Mississippi lawmakers have allocated the state’s $1.25 billion of federal funding from the CARES Act.
An initial $300 million disbursement developed two small business relief programs in the midst of the COVID-19 pandemic, leaving hundreds of millions of dollars left to be administered. Prior to wrapping up the 2020 session, lawmakers were able to decide on a spending package that will distribute the remaining funds to state agencies, cities and counties, and universities in addition to a few other entities.
According to Lt. Governor Delbert Hosemann, the funding breakdown is as follows:
- $275 million for rural broadband & distance learning programs
- $129,725,000 to hospitals, clinics, nonprofits, and childcare;
- $40 million to the Mississippi Emergency Management Agency;
- $70 million to cities and counties;
- $20 million to the Mississippi Department of Corrections;
- $15 million to tourism;
- $100 million to public universities and community and junior colleges;
- $10 million to private schools and universities;
- $55 million to workforce training;
- $1 million to elections;
- $2.5 million to the judiciary; and
- $181,775,000 to the Unemployment Insurance Trust Fund.
- $50 million to be used at the Governor’s discretion.
Governor Tate Reeves had previously urged lawmakers to put as much as $500 million into the trust fund to avoid a tax surge on small businesses.
A more in-depth description of the $275 million for rural broadband and distance learning programs was provided by the lt. governor and can be seen below.
“The “COVID-19 Connectivity Act,” Senate Bill 3046 authored by Senator Joel Carter, establishes a grant program to expand service in unserved or underserved areas. The program makes $65 million available to Mississippi’s 26 member-owned electric cooperatives at a one-to-one match: for every dollar the co-ops spend, they will receive one federal dollar. Ten million is available for other service providers.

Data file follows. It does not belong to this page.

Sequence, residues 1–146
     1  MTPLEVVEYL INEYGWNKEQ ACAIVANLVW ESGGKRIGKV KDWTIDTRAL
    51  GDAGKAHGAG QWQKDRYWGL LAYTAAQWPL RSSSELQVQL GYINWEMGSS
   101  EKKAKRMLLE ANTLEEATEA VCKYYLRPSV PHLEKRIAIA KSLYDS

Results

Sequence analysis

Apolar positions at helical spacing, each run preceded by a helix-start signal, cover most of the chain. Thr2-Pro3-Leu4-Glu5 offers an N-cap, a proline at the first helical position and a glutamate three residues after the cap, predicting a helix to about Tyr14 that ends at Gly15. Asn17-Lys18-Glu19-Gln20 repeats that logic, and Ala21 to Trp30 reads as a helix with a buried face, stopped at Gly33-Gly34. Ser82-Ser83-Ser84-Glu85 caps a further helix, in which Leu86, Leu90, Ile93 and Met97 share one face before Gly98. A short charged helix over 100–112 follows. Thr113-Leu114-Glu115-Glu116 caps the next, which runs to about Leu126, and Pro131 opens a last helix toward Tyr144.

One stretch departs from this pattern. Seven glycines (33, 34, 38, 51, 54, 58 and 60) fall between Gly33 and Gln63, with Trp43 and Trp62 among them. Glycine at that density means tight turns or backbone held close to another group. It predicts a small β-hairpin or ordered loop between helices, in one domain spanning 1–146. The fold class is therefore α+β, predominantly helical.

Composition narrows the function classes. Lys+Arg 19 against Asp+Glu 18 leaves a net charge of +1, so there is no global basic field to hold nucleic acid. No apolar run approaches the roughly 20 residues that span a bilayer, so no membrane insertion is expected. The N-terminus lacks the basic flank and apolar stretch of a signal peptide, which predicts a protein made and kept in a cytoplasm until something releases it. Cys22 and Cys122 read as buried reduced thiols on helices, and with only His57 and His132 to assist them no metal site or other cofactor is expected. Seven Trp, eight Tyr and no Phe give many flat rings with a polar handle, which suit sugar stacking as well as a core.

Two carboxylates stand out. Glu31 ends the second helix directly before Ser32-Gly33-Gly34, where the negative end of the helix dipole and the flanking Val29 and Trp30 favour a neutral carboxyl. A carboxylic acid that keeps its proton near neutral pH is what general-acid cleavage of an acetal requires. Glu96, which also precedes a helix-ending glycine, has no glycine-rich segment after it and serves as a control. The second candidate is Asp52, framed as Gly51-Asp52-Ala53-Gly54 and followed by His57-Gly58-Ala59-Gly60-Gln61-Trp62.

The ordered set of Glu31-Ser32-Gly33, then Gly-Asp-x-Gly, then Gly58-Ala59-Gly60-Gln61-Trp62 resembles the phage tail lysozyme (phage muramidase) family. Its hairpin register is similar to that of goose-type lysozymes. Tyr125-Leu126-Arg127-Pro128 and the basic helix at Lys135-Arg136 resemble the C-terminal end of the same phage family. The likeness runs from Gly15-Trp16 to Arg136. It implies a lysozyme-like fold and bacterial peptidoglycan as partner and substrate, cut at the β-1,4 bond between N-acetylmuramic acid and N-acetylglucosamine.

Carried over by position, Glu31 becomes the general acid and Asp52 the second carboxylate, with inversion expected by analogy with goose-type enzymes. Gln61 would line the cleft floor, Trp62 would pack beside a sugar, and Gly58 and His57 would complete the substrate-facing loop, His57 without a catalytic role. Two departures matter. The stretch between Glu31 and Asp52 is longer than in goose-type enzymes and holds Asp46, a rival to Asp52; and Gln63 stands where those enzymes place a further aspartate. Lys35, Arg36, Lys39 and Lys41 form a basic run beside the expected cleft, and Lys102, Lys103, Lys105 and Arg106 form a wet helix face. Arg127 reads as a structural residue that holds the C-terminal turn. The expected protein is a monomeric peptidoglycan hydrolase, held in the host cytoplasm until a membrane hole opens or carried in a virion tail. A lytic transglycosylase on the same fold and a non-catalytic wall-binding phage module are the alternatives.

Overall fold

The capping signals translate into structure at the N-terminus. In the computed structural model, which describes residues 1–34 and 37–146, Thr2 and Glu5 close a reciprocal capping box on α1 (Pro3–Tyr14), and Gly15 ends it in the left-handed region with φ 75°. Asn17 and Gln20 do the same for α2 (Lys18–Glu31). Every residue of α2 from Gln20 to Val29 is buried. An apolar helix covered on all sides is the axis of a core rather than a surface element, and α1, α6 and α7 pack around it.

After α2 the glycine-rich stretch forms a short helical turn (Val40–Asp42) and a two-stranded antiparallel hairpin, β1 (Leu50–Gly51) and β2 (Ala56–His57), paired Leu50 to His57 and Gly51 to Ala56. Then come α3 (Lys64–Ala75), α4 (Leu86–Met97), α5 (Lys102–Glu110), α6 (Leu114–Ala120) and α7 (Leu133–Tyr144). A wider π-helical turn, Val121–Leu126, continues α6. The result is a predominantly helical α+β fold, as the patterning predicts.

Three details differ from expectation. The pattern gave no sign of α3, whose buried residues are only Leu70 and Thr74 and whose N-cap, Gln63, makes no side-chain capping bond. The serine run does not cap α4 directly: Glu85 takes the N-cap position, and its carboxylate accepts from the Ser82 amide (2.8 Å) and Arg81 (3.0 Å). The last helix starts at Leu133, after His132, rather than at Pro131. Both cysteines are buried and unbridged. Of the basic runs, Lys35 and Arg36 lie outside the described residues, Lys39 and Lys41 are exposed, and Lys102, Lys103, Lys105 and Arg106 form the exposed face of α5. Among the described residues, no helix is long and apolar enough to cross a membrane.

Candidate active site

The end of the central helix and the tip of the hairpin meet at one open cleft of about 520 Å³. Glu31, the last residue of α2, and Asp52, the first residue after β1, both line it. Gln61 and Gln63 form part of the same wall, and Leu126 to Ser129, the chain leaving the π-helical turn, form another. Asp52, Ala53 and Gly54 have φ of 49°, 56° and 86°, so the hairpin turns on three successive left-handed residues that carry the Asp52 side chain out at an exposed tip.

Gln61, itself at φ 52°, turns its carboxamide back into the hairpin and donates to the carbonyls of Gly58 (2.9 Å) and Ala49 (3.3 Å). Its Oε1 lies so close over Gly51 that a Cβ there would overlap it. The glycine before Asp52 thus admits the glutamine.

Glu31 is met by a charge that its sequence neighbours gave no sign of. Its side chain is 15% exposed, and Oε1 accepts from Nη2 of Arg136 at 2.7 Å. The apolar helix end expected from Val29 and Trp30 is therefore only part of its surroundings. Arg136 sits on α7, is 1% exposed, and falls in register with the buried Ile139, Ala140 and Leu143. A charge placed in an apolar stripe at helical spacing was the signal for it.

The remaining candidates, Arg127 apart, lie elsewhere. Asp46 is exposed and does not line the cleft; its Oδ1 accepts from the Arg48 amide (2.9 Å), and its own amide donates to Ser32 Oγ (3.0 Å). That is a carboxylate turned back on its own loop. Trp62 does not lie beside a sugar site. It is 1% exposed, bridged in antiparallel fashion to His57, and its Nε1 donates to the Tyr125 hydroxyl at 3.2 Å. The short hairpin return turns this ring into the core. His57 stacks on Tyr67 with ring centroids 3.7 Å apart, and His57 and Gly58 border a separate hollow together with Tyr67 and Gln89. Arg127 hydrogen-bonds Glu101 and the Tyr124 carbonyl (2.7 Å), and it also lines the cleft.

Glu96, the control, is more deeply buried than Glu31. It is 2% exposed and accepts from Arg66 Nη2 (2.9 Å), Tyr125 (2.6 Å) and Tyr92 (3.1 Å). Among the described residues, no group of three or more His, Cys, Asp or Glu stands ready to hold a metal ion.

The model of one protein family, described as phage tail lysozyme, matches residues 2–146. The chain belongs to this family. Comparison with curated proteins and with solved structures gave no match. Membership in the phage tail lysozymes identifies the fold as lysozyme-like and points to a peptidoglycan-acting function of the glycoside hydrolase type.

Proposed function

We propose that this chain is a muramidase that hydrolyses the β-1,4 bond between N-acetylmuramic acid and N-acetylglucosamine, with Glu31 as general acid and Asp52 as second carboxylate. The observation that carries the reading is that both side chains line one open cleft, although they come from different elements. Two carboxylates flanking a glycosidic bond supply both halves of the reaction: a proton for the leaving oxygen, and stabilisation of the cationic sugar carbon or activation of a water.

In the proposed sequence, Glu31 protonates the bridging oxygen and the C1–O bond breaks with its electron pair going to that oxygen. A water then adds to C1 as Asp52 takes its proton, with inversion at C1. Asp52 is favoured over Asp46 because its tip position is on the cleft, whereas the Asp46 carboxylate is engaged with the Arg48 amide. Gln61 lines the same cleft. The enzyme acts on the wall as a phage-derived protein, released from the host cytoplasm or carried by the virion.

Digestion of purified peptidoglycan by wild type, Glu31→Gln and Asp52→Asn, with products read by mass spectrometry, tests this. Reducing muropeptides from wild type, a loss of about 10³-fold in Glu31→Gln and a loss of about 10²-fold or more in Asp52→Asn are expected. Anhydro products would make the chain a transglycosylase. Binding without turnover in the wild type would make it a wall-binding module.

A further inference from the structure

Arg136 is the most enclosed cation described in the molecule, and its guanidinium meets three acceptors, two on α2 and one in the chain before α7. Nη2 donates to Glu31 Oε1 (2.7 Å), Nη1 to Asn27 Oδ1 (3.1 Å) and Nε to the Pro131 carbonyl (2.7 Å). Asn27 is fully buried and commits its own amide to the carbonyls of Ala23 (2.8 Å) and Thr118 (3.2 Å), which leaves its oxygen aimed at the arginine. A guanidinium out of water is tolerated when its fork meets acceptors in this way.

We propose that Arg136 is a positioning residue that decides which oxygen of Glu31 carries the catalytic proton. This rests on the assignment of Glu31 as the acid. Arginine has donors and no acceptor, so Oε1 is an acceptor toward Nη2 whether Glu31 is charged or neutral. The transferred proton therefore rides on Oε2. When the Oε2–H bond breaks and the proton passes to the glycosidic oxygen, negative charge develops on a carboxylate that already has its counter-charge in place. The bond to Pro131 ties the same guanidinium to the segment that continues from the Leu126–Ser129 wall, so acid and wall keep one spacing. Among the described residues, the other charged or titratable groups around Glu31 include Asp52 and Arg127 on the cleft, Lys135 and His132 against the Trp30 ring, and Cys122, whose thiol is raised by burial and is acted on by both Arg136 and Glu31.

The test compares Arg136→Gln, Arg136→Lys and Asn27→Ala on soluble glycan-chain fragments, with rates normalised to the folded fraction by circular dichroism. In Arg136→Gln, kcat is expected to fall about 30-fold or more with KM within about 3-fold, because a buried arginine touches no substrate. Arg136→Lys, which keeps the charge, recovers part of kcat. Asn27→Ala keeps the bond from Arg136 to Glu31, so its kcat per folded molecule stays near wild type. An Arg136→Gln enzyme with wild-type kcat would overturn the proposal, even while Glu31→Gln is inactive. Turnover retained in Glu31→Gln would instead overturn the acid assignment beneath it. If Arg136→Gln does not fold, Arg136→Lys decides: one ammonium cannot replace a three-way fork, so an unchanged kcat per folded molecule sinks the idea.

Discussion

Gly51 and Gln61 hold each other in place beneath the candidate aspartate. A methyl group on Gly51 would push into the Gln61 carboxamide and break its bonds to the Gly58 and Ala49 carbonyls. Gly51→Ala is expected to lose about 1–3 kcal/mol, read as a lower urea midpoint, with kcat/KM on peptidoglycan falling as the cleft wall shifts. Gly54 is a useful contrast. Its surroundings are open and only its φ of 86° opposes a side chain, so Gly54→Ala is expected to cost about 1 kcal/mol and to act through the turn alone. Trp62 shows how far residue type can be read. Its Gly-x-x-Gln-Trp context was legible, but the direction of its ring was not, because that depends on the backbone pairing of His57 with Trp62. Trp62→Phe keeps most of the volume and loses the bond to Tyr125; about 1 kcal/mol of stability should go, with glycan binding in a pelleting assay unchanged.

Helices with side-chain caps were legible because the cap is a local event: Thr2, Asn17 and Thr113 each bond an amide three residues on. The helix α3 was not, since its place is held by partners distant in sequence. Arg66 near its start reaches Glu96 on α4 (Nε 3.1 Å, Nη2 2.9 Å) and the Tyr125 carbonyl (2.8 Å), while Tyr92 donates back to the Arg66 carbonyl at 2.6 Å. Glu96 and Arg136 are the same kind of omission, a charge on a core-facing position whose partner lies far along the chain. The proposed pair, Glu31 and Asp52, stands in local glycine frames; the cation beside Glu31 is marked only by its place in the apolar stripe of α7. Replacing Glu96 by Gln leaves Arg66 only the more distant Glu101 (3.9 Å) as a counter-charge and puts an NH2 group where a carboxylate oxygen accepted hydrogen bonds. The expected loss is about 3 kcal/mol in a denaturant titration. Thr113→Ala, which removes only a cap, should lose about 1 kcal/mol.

House Bill 1788, establishing the “Mississippi Pandemic Response Broadband Availability Grant Program,” provides $50 million to the Mississippi Department of Education (MDE) for grants to K-12 schools in areas without Internet connectivity.
Additionally, Senate Bill 3044, authored by Senator Dennis DeBar, appropriates $150 million to K-12 education to equip students with laptops and enhance distance learning in school districts across the State. Three hundred thousand dollars will be allocated to MDE to upgrade its data collection system; $129,700,000 will be allocated to public school districts based on average daily membership; and $20 million will be allocated to MDE to be distributed to school districts based on need.”
During the extended session, legislators also passed a number of other important bills, including the bill to retire the now-former state flag. Other bills of note include:
HB 1087 – A bill officially bringing an end to prohibition in Mississippi
HB 1559 – A bill to improve efforts to assist victims of human trafficking
HB 1295 – The ‘Life Equality Act of 2020’ to prohibit abortions from being performed because of race, sex or genetic abnormality except in a medical emergency.
SB 2594 – A bill extending Mississippi’s ‘Education Scholarship Account Program’ until 2024
SB 2725 – A bill to create the ‘Mississippi Hemp Cultivation Act’
Lawmakers finished their business at the capitol and could remain adjourned until October 5th as a result of the session-suspending resolution passed back in March. The resolution will allow lawmakers to return at any point between now and then if Lt. Governor Hosemann and Speaker of the House Philip Gunn agree that it is necessary with the new sine die of October 10th. One reason they may have to return soon is the fact that they left without passing a budget appropriation bill for the Department of Marine Resources, a decision that Governor Reeves criticized on Twitter.
Coast senators and Sen. Hopson did right and tried to fix the mess, but House leaders in the legislature just packed up and left without a budget for DMR—big state agency that handles fishing and fireworks. I’m shocked. The agency is shut down now. It’s July 4th weekend.
— Tate Reeves (@tatereeves) July 2, 2020